Since the enforcement of a dress code began in Trudy Fitness at the start of the fall 2021 semester, the only official information available to students about it has been a bulleted list on the Colgate Athletics website stating which bodily areas must be covered. However, the majority of students that the Maroon-News approached had learned about the dress code not through the website, but through conversations with gym staff members after unknowingly violating the dress code.
The Trudy Fitness Center Rules and Regulations found on the University website states, “For sanitary reasons, clothing which covers the back, armpits, shoulders and abdominal area is mandatory.”
According to Colgate Director of Recreation and Chair of Physical Education Julian Springer, the dress code has existed at Colgate since 2011, when Trudy Fitness Center first opened. However, it is unclear how the policy was created, and if it was voted on or by whom. Requests for comments and further elaboration were declined by Trudy administrators.
Sophomore Arnab Hait is a staff member at Trudy Fitness Center. He said he has witnessed dress-code enforcement and has seen the adverse reactions of students first-hand.
“Most people who are told about their inappropriate dress seem to be shocked, sad and often offended,” Hait said.
As a Trudy staff member, Hait is required to enforce the dress code, but says he personally disagrees with it.
“Ensuring that rigid religious or cultural beliefs are not im- posed upon students in the name of sanitary issues is significant for the broader struggle for individual rights and freedoms,” Hait said.
The policy has not been openly enforced in prior academic years.
“We are not aiming to overly emphasize any one policy. Most recreation centers across the country enforce some sort of dress code, and we benchmark our policies according to those,” Springer said.
Springer also emphasized that the goal of the dress code is not to shame gym-goers or remove them from the facility but to educate them and give them the best ex- perience possible while also being sanitary and enforcing the policies already in place.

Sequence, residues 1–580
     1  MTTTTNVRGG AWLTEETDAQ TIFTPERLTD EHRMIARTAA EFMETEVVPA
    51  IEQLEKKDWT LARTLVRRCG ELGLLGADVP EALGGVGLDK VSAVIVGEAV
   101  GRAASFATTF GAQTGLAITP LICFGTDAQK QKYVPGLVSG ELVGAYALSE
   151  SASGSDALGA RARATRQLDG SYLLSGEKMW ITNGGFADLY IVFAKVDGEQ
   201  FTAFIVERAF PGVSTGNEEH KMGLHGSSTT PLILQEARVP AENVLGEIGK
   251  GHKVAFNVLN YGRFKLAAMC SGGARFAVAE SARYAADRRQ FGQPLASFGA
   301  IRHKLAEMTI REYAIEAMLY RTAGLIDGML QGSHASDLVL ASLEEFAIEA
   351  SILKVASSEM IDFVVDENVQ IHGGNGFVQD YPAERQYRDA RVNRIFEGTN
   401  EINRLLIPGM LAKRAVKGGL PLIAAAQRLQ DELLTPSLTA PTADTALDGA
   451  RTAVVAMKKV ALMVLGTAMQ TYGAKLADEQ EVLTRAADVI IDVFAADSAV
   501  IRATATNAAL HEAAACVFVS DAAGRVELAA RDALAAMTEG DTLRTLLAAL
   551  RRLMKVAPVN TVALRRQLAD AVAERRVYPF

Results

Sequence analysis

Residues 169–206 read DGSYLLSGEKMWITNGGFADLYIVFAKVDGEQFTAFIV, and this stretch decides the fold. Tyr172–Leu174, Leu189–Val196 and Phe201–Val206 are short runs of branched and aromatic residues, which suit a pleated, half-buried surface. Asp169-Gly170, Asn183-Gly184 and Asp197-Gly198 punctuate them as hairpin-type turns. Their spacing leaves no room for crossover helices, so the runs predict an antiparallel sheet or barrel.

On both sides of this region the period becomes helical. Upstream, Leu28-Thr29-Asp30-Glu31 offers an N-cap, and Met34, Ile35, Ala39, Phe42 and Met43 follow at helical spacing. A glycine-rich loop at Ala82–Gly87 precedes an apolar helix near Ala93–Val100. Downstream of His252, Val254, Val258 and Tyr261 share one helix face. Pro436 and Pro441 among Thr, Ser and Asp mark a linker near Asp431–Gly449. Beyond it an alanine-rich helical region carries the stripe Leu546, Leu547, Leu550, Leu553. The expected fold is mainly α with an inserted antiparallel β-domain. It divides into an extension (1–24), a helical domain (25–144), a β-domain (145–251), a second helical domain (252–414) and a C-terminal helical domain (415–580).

“It’s our job to provide a safe environment that’s all inclusive for all involved and train our staff to enforce policies the best we can in order to do that,” Springer said.
As social distancing measures loosen by the day and students are not regularly tested for COVID-19, Hait said he views concerns about germs leaping between exposed midriffs as “ludicrous.”
“While some impositions are important, hegemonic restrictions which infringe upon your personal space and choice must be op-posed,” Hait said.
Of the student-employees of Trudy Fitness Center the Maroon-News contacted, Hait alone was willing to go on record to give his personal thoughts on the dress code. As of Wednesday, Sept. 15, a member of the Trudy administration requested that all staff members not comment on the topic of the dress code.
Despite the lack of input from Trudy staff and administrators, debate over the dress code has been constant amongst the Colgate student population, with some students raising concerns about anything from body-shaming, to gender discrimination, to basic comfort and mobility while working out.
First-year Gabby Urbano often goes to the gym and is concerned about how the dress code could limit her options when getting ready for the gym.
“I think [the dress code] will definitely have a negative effect on me because it means I can’t wear tank tops and even some t-shirts. The limitations don’t seem very fair considering that women’s fitness gear often has far more cut-outs and is more likely to show midriff than men’s,” Urbano said.
Sophomore Izzy Prusch is concerned with how the dress code could perpetuate or even promote body negativity and gender inequality.
“I’m super against the dress code, as it limits how comfortable I am in my body while working out,” Prusch said. “If guys want to wear tank tops and short shorts, they should, and if I want to, I should be able to as well. I think the current dress code is limiting and, in my opinion, sexist.”
The Trudy Fitness Center has not formally addressed the student body as to its newly enforced rules and reasoning. Without direct commentary from gym staff, confusion, and misinformation have seemingly run rampant. Some students have found levity in making up theories about the dress code’s recent enforcement.
“It’s clear that you guys haven’t done your research. Belly button sweat has the highest concentration of COVID-19 virus particles in the human body,” sophomore Noah Hann-Deschaine said jokingly.
Additionally, some students have voiced their concerns about the dress code and even called for action through anonymous posts on the popular message-board app, Yik Yak.
As of Friday, Sept. 24, Springer confirmed that the Trudy Fitness Center does not foresee any changes to or loosening of the dress code in the semesters to come.